I l. Fooo, DRINK At'¡D srIMUt-ANTs
Raw maærials and recipes
Rules concerning particular consumables
General attitude towards personal appearance in the light of ancient texts
Life stages and d¡ess in the light of ancienr rexts
Nampütiri bodycare and adomment
Nampútiri dress and omaments
l9l 192
Distanoe pollution Inærcaste relations, fuktip and dãna
Joint and separate culn¡ral efforts ofthe castes
Vfesæmization and globalization
E¡euneronv LIsroFNATwETER¡\ts AND NAMES
l. Sãnkara-Sqti 1.12.4 in Sanshit 2. The lvlalayalam prose commentary on S-anlca¡a-Smrti
1.12.4 by Ti. Si. ParamêSva¡an Mässa¡ava¡lcal
3. An annotated Engtish translation of Sankara-Smr,ti 1.124 by Asko Parpola
4. Setikara's ó4 n¡les quoted by Logan, with Fawceü's minor changes and comments
5. Examination of Sankara's 64 rules as tarislated and grouped by S. Venkiøsubramonia lyer
6. Kerala customs according to Gundert
Map of Kerala 4
T\e agnicaya¡n¿ ritual 12
Old Nampätiri reading a newspaper 30
Nampütiri studying his palmJeaf manuscripts 36 r9Vinding the cotton sting for a marriage badge 49
Caster family at work 59
Map of Panjal village in the early 1960s 73
Village goldsmith at work 80
The l^ãrãyaqta temple in Panjal 86
Village scene with paddy fields and c¡aftsmen's houses in Panjal 86
Namputiri performing apúja in the Ayyappan temple 89
Women worshipping the idol in the Ayyappan æmple 89
Men with tlreir æams of animals preparing the soil for planting 100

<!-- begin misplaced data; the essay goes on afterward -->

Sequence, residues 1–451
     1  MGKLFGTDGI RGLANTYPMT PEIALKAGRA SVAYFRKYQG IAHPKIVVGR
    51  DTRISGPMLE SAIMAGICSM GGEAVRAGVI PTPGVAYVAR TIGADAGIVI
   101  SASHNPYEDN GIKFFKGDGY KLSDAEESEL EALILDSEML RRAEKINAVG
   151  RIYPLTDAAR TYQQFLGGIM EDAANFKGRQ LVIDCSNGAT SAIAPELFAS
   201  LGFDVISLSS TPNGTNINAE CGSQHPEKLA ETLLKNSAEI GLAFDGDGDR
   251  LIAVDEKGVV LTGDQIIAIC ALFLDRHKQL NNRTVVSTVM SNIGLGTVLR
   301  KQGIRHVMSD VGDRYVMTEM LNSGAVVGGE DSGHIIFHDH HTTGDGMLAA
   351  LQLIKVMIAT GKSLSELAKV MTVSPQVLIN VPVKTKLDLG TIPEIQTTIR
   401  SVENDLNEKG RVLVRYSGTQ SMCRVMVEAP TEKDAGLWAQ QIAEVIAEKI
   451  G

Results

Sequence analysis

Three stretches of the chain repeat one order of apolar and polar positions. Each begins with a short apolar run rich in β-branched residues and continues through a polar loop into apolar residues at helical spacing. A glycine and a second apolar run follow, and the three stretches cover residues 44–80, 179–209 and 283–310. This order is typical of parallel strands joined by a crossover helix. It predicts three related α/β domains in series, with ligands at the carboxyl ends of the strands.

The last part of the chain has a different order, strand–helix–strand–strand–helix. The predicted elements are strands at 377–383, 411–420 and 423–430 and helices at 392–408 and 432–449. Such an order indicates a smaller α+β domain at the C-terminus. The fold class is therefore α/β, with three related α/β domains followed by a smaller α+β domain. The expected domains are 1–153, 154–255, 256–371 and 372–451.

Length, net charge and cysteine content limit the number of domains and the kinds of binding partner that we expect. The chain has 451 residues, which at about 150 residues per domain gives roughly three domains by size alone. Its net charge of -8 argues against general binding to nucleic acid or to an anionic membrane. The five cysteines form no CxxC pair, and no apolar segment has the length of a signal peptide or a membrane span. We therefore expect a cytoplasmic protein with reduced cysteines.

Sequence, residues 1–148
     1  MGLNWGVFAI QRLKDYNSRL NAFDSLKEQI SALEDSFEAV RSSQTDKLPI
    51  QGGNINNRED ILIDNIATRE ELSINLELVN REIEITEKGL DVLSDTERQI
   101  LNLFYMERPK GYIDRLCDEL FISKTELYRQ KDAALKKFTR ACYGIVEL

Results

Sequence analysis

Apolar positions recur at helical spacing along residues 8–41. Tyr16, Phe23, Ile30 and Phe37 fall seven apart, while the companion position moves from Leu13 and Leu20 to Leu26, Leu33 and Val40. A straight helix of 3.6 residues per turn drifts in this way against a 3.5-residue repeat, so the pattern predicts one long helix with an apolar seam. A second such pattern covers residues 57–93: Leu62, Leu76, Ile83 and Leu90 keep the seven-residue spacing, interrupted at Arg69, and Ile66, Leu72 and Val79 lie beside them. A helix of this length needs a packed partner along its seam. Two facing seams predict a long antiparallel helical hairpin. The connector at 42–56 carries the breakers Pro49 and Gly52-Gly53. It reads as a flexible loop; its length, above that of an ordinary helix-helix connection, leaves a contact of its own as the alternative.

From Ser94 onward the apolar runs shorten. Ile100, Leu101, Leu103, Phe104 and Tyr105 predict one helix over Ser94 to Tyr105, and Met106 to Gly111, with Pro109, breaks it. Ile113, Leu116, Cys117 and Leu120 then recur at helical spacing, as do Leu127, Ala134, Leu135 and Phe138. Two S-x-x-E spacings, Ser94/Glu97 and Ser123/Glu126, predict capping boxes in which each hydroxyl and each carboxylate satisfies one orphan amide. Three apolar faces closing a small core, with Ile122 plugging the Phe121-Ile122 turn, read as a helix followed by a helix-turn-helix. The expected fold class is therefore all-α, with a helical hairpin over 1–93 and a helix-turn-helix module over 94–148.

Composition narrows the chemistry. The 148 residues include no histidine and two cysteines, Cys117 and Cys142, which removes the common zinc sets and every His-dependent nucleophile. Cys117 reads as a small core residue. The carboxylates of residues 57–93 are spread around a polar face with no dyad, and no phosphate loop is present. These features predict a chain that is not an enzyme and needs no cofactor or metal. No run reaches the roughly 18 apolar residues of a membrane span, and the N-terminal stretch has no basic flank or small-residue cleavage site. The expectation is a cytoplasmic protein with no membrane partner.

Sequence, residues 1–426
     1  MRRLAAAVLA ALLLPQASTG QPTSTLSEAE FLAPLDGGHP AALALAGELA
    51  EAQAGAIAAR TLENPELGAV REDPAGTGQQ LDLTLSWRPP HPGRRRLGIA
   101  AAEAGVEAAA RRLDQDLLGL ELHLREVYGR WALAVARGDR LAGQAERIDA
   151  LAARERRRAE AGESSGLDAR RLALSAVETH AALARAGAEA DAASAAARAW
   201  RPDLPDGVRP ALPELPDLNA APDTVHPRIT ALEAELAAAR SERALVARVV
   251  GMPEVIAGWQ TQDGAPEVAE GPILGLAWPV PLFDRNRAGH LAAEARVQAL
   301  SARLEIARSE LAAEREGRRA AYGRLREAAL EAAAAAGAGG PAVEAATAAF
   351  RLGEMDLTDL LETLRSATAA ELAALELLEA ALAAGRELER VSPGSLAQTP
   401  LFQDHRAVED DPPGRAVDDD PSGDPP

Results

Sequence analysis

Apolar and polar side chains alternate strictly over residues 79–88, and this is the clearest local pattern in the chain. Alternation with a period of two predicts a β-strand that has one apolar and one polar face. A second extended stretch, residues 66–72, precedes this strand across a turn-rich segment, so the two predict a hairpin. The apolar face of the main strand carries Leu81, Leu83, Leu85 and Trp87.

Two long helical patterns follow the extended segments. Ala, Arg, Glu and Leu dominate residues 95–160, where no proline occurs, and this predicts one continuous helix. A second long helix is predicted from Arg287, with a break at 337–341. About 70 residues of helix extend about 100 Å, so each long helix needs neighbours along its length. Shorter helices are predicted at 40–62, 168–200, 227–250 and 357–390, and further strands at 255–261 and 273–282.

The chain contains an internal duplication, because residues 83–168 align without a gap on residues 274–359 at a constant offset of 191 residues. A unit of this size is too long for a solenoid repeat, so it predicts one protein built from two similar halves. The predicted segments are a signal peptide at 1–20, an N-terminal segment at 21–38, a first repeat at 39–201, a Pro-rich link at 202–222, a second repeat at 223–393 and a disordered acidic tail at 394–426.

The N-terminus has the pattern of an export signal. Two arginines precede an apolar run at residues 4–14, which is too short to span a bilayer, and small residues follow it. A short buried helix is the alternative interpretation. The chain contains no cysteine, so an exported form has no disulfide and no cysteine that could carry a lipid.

Tractor ploughing the fields 100
Labourer strengthening the paddy-field walls with mud 104
Women replanting seedlings 104
Women threshing paddy with rods 107
Rubber sheets drying ll2 Nampütiri house I l8 Granite image of a cobra and granite snake temples l2l Namputiri houses 124 Thatched house with palmleaf walls 126 Making of sun-burnt bricks, and a house built of them 128
Plan of a Nampûtiri house: the ground floor 130
Meal in the old style 132 Television-watching 132 Preparing food on the floor 135
Modem kitchen and eating space 135
l"heannaprãSanante 153
The Mumm¡kkãttu Mãmannu kin group 162 Family photograph 163
Namputiri lady dressed in the traditional way 178
Namputiri bride and bridegroom 193
Nampûtiri with his two wives 210 Namputiri ladies performtnganñ,ëdyam 218
l. 2.-3
4. Informants and resea¡chers
45. Staning tlre curds
46. T\esonfuarta¡wnæ 47. Nampûtiri performing his moming riual 48. The holy tank of aNampütiri house
49. Nampütiri lady taking her bath in ttte tank
50. Women's hairstyles
53. Vfashenvoman waiting outside the verandah
54. Nampätiritransacting with his family goldsmith
55. Disrics of Kerala
3ls 426